It is suggested the writ of prohibition will not lie because there is a speedy and adequate remedy by means of appeal or certiorari from the order of the probate court determining the title to the bank account. It is true that a writ of prohibition will not ordinarily issue when certiorari affords a complete remedy, unless it appears that the applicant for the writ will be injured if the tribunal sought to be prohibited proceeds with the trial. Hill v. Superior Court, 21 Cal.App. 424, 131 P. 1061; 21 Cal.Jur. 585, sec. 5. The question as to whether there is a plain, speedy and adequate remedy in the ordinary course of law is largely dependent upon the facts of a particular case, the determination of which is within the sound discretion of the court. Even though there may be an appeal or a right to review by means of certiorari a judgment rendered in a suit where the inferior tribunal is without jurisdiction, prohibition may lie in the sound discretion of the court if it also appears that those remedies, under the circumstances of the particular case, are not adequate. In the concurring opinion of Mr. Justice Shaw, in the case of Glide v. Superior Court, 147 Cal. 21, at page 29, 81 P. 225, at page 228, it is said: “The question whether or not the remedy by appeal is adequate is, even in cases where jurisdiction is plainly lacking, a matter resting in the sound discretion of this court, upon the particular circumstances of each case.”
We therefore conclude the remedy of the petitioner in the present proceeding is not adequate, and that prohibition will lie to prevent the probate court from trying and determining title to the bank account in question. If the probate court lacks jurisdiction to determine title to that property under the circumstances of this case, it would be an idle, useless and expensive procedure to be compelled to account for property of which he is the prima facie owner under an executed agreement, even though that order might be reversed on appeal from the order settling the account or upon certiorari. It is apparent that on such an accounting by the probate court the petitioner in this proceeding would be deprived of the right of trial by jury. No right of trial by jury is allowed in the settlement of accounts. It is said in Estate of England, 214 Cal. 298, 5 P.2d 428, 429, in that regard: “It has several times been expressly held that, in the absence of a statute so providing, trials by jury in the settlement of accounts in probate are not allowed.”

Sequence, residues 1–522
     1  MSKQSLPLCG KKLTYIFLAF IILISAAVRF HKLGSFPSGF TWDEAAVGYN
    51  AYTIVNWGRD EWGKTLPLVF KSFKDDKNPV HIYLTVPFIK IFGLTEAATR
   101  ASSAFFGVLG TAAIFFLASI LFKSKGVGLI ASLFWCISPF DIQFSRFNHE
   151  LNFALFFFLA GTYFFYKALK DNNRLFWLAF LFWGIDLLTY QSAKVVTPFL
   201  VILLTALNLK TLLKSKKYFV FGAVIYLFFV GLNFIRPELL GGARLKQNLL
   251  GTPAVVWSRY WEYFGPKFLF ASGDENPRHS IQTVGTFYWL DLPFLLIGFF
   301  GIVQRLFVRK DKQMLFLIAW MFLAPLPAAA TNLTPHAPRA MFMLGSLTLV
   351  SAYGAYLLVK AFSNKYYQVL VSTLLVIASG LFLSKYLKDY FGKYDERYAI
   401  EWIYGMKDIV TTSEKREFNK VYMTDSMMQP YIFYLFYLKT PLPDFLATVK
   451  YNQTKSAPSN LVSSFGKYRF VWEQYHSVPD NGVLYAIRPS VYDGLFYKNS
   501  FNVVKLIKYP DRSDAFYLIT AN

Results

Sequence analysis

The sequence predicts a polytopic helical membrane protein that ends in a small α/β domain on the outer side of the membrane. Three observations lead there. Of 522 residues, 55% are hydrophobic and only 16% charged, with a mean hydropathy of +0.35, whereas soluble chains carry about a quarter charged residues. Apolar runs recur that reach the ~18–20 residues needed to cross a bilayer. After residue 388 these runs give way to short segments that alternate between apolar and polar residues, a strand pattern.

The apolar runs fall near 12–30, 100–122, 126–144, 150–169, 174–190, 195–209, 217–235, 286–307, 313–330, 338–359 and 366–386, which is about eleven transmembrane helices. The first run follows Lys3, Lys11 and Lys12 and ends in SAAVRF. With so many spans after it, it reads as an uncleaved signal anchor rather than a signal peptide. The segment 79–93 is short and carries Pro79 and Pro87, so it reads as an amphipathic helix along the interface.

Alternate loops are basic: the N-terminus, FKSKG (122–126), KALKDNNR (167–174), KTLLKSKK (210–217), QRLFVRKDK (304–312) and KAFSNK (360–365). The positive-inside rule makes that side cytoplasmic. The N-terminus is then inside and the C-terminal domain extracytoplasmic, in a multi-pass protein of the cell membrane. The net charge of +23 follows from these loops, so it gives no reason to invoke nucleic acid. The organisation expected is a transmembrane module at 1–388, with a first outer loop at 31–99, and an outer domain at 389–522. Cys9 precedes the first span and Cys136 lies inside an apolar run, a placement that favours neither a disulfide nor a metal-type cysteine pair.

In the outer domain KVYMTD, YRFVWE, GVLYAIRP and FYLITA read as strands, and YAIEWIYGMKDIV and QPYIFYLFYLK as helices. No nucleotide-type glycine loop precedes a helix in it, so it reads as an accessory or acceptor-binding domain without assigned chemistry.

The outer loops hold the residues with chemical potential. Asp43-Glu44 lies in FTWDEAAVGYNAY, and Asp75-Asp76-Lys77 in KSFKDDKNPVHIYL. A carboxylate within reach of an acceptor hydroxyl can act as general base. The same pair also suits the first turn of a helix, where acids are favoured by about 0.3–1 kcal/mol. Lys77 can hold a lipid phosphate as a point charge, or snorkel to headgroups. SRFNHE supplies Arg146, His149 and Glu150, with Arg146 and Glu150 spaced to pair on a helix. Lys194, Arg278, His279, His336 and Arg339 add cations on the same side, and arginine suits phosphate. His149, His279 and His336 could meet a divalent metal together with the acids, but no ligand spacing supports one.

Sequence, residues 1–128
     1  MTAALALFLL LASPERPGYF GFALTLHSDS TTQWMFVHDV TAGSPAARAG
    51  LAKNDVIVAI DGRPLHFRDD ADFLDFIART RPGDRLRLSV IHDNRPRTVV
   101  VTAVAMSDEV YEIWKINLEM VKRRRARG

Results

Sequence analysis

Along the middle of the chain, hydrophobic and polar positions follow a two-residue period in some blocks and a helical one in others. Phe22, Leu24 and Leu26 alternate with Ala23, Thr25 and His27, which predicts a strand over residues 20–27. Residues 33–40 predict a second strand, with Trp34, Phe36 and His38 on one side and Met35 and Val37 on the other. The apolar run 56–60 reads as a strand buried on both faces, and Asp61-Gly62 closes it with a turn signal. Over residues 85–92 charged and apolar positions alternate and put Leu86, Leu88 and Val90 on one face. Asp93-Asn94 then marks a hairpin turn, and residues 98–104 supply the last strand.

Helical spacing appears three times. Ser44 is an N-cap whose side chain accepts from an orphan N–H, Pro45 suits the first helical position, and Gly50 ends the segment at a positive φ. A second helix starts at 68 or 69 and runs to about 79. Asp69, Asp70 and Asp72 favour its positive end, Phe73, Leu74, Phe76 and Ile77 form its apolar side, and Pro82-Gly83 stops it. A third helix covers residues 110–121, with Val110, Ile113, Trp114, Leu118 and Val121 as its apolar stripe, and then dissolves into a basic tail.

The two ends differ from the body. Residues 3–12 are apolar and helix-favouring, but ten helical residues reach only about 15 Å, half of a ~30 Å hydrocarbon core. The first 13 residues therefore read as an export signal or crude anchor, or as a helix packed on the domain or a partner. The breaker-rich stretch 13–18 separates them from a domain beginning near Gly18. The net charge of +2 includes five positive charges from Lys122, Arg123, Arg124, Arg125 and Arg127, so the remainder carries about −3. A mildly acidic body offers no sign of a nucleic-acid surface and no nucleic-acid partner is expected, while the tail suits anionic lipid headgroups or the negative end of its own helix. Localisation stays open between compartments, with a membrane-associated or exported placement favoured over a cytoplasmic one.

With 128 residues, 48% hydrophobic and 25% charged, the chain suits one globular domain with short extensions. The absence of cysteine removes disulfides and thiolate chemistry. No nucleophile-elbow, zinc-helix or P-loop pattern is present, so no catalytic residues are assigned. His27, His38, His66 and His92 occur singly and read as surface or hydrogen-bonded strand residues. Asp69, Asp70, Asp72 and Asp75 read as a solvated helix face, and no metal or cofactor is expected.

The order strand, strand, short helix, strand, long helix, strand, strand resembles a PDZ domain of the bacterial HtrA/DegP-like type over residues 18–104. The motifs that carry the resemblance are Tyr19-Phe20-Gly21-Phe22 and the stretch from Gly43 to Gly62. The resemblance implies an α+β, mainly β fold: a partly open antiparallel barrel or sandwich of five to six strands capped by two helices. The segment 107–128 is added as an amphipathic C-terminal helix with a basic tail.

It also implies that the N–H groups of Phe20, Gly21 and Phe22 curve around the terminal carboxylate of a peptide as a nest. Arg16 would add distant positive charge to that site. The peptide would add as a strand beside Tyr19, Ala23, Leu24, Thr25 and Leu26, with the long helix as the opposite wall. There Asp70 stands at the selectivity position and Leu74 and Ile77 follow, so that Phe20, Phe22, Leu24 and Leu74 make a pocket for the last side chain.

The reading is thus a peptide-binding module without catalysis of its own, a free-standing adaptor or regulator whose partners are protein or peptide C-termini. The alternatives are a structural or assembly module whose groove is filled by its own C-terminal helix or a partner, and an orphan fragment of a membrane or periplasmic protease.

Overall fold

On the contrary, in a proper action brought in a court of competent jurisdiction to recover that particular fund, the petitioner might be entitled to submit to a jury the questions of fact regarding the alleged invalidity of the agreement on the ground of fraud and undue influence. Sec. 592, Code Civ.Proc.
What we have previously said does not preclude the probate court from requiring the former executor of the estate of Laura Antoinette Grafmiller, deceased, from accounting for all other property of the estate except the bank account in controversy.
The writ is granted as prayed for and the probate court is hereby restrained from proceeding to try or determine title to the funds in the bank account.
Mr. Justice THOMPSON delivered the opinion of the court.
We concur: PULLEN, P.J.; TUTTLE, J.